One of the more advanced features in Kotlin is operator overloading. Learn operator overloading and how it allows newly created types to be used more naturally in Kotlin.
- [Instructor] In programming, operators are functions that use symbolic names. Take for example the basic math operators add and subtract. Those symbols call functions named plus and minus respectively. We can create our own functions for symbols in our classes. This is called operator overloading. Kotlin's operators can be roughly divided in three groups. First, there are the binary operators. They consist of an operator in the middle of two operands. Function name is what the operator is mapped to internally.
Next, there are the unary operators. They consist of an operator and a single operand. Finally, there are all of the rest of the operators. Currently there are more than 30 operators that you can overload. See the Kotlin documentation for more information. Let's create an overloaded operator. First we'll create a data class named position. We'll put it in its own file, so we'll right click, say new Kotlin file class.
We're going to call this position. Then what we'll do is we'll bring in our package and we'll create a data class, so data class position. We'll have a var x. This is going to be a type int. We'll have another var y and this is going to be of type int as well.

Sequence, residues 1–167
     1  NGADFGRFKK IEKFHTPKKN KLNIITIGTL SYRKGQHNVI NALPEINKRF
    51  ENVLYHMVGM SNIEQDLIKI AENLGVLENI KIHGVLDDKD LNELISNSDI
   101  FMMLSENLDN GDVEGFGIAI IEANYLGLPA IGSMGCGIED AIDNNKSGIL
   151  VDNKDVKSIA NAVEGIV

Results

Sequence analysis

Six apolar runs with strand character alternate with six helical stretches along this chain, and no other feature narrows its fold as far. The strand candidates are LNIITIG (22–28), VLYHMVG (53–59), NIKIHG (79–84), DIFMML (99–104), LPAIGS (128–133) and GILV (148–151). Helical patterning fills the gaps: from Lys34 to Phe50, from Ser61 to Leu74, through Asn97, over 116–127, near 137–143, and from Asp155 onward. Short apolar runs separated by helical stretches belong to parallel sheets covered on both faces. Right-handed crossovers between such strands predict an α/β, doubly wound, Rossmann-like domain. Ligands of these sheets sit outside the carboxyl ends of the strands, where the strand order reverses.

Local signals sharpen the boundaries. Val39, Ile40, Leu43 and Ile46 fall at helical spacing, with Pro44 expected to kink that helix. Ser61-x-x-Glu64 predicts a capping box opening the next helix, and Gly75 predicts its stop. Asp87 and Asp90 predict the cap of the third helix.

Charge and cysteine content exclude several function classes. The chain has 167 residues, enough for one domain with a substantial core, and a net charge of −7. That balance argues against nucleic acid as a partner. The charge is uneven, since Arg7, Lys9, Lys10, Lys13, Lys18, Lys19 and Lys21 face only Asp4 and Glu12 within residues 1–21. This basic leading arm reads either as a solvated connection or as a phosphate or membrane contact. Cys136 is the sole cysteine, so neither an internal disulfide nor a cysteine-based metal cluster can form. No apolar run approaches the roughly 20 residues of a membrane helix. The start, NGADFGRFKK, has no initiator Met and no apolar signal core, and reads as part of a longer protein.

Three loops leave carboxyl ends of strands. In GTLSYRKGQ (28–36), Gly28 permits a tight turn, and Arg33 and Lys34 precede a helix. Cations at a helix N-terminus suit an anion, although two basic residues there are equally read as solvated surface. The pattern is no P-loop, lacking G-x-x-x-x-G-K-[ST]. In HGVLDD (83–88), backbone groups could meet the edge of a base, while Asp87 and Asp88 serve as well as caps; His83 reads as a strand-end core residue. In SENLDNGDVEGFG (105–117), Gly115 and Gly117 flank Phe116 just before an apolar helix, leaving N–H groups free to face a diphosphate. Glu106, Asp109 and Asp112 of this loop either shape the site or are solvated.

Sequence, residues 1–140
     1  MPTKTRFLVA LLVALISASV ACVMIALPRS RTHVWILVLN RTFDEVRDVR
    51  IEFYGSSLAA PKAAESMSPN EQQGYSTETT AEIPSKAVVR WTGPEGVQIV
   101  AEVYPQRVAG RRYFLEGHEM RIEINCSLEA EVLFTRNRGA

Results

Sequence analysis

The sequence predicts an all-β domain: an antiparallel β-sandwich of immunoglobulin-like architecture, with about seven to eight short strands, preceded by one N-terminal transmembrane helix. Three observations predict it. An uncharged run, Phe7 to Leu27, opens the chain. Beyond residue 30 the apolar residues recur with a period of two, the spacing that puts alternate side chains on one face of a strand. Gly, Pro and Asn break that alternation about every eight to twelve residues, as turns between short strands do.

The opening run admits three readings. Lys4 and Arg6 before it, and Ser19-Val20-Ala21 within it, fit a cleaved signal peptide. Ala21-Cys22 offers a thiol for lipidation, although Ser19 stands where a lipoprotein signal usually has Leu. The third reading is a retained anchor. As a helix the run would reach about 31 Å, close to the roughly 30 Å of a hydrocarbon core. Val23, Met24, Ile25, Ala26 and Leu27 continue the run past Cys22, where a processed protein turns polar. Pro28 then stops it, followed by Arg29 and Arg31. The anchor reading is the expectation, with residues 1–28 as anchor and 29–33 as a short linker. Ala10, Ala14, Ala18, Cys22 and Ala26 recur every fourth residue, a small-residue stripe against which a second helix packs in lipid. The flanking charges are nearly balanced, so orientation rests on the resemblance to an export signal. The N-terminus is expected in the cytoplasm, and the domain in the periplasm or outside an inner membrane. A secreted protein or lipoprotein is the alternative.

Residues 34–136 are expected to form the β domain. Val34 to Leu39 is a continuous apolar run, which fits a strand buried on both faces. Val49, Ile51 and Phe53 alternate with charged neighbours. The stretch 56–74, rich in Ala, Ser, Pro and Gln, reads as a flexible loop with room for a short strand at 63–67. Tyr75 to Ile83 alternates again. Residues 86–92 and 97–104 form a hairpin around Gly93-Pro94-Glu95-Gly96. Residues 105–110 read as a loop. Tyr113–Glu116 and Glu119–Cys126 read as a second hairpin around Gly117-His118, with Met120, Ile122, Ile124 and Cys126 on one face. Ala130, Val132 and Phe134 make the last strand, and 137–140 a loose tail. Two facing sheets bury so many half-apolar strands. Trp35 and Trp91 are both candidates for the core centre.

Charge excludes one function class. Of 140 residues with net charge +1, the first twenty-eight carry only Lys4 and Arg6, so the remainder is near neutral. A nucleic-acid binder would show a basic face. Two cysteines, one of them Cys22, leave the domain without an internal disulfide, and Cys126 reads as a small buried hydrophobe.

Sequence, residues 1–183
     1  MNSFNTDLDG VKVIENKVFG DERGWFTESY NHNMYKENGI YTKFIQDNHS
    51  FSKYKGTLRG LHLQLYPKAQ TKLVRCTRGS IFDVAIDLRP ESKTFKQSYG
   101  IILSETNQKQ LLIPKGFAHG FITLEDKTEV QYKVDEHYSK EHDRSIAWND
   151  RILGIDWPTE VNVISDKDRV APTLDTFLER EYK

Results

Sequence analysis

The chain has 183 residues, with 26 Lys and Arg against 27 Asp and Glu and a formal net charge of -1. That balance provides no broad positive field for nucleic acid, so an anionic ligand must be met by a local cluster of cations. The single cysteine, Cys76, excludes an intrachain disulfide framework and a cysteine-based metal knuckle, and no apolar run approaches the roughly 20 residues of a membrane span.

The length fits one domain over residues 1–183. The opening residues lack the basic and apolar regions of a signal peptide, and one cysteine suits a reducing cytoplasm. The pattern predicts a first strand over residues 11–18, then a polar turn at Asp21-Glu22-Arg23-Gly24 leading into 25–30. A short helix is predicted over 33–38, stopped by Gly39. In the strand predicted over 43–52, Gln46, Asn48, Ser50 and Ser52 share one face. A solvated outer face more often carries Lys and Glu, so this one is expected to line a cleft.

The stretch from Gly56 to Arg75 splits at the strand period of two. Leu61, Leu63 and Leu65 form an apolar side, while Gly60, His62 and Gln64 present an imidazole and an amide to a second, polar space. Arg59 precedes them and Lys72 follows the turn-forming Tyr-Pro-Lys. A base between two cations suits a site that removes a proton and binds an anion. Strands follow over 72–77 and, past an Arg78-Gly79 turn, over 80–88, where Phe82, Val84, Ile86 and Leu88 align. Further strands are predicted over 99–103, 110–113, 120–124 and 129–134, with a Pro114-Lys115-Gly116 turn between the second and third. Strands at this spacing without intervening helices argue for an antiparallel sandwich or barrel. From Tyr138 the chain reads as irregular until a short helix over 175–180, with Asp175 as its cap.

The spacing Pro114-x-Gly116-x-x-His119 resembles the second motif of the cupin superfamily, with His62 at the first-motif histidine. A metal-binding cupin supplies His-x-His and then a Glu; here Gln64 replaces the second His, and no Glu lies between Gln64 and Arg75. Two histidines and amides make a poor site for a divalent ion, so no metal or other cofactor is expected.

Now, in order to overload an operator, we first have to say operator. That's a key word here. Then we have to say fun for function and finally which operator we want to overload. In our case, what we want to overload is the plus operator. Then we'll say what are we taking in in this function. In this case we're going to take other, which is also of type position, and our function's going to return type position as well.
Then what we'll say is return, position and what we'll do is we'll say x plus other x and y plus other y. That's how we get it to do the addition. So, we've created a data class named position. It has two properties, x and y and it also has an overloaded plus operator. In order to use this, let's go back to the main function and let's just stick this in a function by itself.
We'll say fun, use, overload, open and close parentheses and we'll just make some classes that are using it. We'll say val p1 = position and we'll give it an x and y of 200, 100. We'll say val p2 = position, and this time we'll say 1000, 2000.
Finally, we'll say val p3 = p1 + p2, so this is our overloaded operator, our overloaded plus operator. We can say print line p3. Then from within our main function we need to call that, so we'll say use overload and then we'll run.
Here we can see the results of our addition. Here's our position class. It's got an x of 1200, so if you say 200 plus 1000, that's 1200, and our y's got 2100, 2000 plus 100, that is 2100. We show that we're overloading the plus sign on the position class. Keep in mind you should only use operator overloading for its intended purpose. If you make the plus function do multiplication, for example, you'll confuse people and possibly even yourself.
- Kotlin as a better Java
- Setting up a Kotlin programming environment
- Val vs. var
- Understanding basic Kotlin programming concepts
- Object-oriented programming
- Using Java from Kotlin
- Using Kotlin from Java
- Annotations, reflection, and DSL construction
- Functional programming in Kotlin